09. September 2021 | 13:33 CET
NIO, Kodiak Copper, Siemens Energy - Will green policies end in disaster?
Climate change is supposed to move forward quickly. The parties, above all, the Greens around chancellor candidate Annalena Baerbock, are wooing voters with ever shorter targets for CO2 neutrality. However, the construction of wind turbines, electric cars and solar plants requires an enormous amount of metals. There are already signs of a shortage in 2021, which will be even more drastic in the next few years and will seriously undermine the politicians' plans.
time to read:
ISIN: NIO INC.A S.ADR DL-_00025 | US62914V1061 , KODIAK COPPER CORP. | CA50012K1066 , SIEMENS ENERGY AG NA O.N. | DE000ENER6Y0
"[...] We knew the world was rapidly electrifying and urbanising and needing significant amounts of copper to do so. [...]" Nick Mather, CEO, SolGold PLC
Copper as a base metal
Looking through rose-colored climate glasses, you see wind turbines, around which sheep and cows graze, brightly shimmering solar panels that generate electricity, and battery-powered cars that strongly resemble KITT from the 1980s cult series Knight Rider. The fact that this enormous transformation requires an incredible amount of industrial metals and rare earths is either unknown to some activists or is cleverly swept under the rug.
Yet it is written in black and white in the EU Commission's report "Megatrend Raw Materials and Rare Earths". Between 1900 and 2015, global raw material extraction increased 14-fold and is expected to more than double again between 2015 and 2050. The demand for some metals needed to transition to a low-carbon economy will increase at least twelvefold between now and 2050. These include the red metal copper, which is considered the base metal of the energy transition due to its nature and conductivity.
Extremely low supply
However, the high demand for copper is offset by an extremely limited supply. Due to the low copper price in the past decade, little investment capital flowed into exploring new projects, which are, however, now urgently needed. A long way behind has already been Kodiak Copper, a development company belonging to the Discovery Group, which is moving ever closer to copper producer status due to recent successful drilling programs.
Kodiak Copper's focus is on its wholly-owned copper porphyry projects in Canada and the USA. The MPD project in the Quesnel Trough in south-central British Columbia, where high-grade mineralization within a broad mineralized envelope was discovered last year, stands out. The prospect is highlighted by the fact that producing mines of Copper Mountain, Highland Valley and New Afton are located in close proximity.
A total of 30,000m is to be drilled with two rigs in the current year, with management's focus on extending the gate zone. Results to date have shown impressive outcomes. The strike length has been extended by more than seven times from the original 125m to 950m in a north-south direction. In addition, significant copper-gold mineralization has been intersected with a thickness of 350m east-west and to a depth of 800m, open in all directions. As of September 1, 25 drill holes totaling 13,600m have already been completed. A total of 1,755 soil geochemical samples have been collected, predominantly within an area of five square kilometers connecting the southern end of the Gate Zone with the historic Man target.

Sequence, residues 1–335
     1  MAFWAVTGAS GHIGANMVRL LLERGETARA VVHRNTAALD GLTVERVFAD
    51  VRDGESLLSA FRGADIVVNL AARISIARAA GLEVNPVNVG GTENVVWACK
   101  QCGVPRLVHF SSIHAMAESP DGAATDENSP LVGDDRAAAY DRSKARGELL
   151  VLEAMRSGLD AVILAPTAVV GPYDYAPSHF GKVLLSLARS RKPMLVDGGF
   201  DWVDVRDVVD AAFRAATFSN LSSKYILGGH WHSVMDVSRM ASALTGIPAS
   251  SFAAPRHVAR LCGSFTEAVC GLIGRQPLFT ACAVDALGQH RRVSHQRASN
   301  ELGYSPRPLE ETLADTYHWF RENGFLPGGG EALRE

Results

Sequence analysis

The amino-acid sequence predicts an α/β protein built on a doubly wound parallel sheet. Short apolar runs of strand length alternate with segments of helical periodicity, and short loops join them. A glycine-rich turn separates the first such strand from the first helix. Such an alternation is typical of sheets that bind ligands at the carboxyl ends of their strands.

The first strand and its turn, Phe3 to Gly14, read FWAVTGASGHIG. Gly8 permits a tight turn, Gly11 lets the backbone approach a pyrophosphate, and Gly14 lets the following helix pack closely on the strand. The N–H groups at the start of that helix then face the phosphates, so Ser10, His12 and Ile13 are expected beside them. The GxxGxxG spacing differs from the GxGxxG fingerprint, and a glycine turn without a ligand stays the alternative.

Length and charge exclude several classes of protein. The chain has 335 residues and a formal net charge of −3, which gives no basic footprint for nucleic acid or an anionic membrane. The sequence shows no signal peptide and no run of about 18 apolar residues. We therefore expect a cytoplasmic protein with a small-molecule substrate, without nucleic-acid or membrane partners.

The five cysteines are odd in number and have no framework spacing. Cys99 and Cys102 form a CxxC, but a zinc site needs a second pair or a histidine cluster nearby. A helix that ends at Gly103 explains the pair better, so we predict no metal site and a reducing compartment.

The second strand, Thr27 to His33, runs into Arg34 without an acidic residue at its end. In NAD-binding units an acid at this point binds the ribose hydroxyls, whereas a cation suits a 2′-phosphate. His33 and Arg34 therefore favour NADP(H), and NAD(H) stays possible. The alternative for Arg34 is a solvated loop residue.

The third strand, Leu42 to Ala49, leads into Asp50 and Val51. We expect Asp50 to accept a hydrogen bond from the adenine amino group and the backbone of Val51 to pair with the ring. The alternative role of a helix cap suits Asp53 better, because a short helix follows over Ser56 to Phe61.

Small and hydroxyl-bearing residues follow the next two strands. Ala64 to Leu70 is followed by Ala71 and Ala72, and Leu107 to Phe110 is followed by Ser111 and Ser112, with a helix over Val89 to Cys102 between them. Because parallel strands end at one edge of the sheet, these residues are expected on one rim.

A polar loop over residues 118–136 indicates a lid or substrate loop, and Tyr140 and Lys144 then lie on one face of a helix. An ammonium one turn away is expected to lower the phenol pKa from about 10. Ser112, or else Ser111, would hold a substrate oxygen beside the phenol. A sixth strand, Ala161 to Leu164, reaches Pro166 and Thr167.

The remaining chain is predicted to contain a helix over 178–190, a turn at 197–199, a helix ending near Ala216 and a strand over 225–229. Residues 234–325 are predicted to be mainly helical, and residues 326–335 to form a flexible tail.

The excellent discoveries on the Gate Zone suggest to management that MPD is a multicentric porphyry system like many others in British Columbia. The Gate Zone discoveries are likely to be just the beginning of the road to realizing MPD's potential, with other high priority targets such as Dillard, Man, Prime, Axe and new targets generated by this year's fieldwork through the successful exploration method.
The copper price is correcting after the highs in May, making it an excellent long-term entry opportunity. Kodiak Copper owns one of the most prospective copper projects. A takeover by a major would not be surprising before reaching producer status.
According to a Deutsche Bank report published Wednesday, the urgent need for more copper is confirmed by Chinese automaker NIO, which aims to expand production from the current 120,000 to 600,000 vehicles by December 2022. Work to expand capacity at the existing plant, and a new one is in full swing. To fund the expansion, the Company plans to sell USD 2 billion worth of new American Depositary Shares, which would amount to an increase of about 3% in the number of shares. The sale of the ADSs will take place step-by-step through ordinary broker transactions, the New York Stock Exchange, or other markets at NIO's discretion.
The news was followed by a share sell-off to USD 35.50; the loss was over 5%. Broad support lies at USD 35. NIO is more than promising in the long term.
Sell-off due to downgrade
Siemens Energy had to cope with an even more severe share price loss. The Siemens subsidiary Siemens Energy lost almost 8% to EUR 23. The reason for the sell-off was a downgrade by analyst firm JP Morgan. The "Overweight" rating was canceled, and the price target was lowered to EUR 29. The share price is currently quoted at EUR 23.10. If the EUR 23 mark is breached, there is a threat of further downward pressure.
Climate change is becoming the plaything of politics. Ever shorter targets for achieving climate neutrality are being named, although it is not guaranteed that essential metals such as copper will be available in the coming years. Kodiak Copper is a promising copper explorer that encourages buying at current levels. The verdict for NIO is also: thumbs up!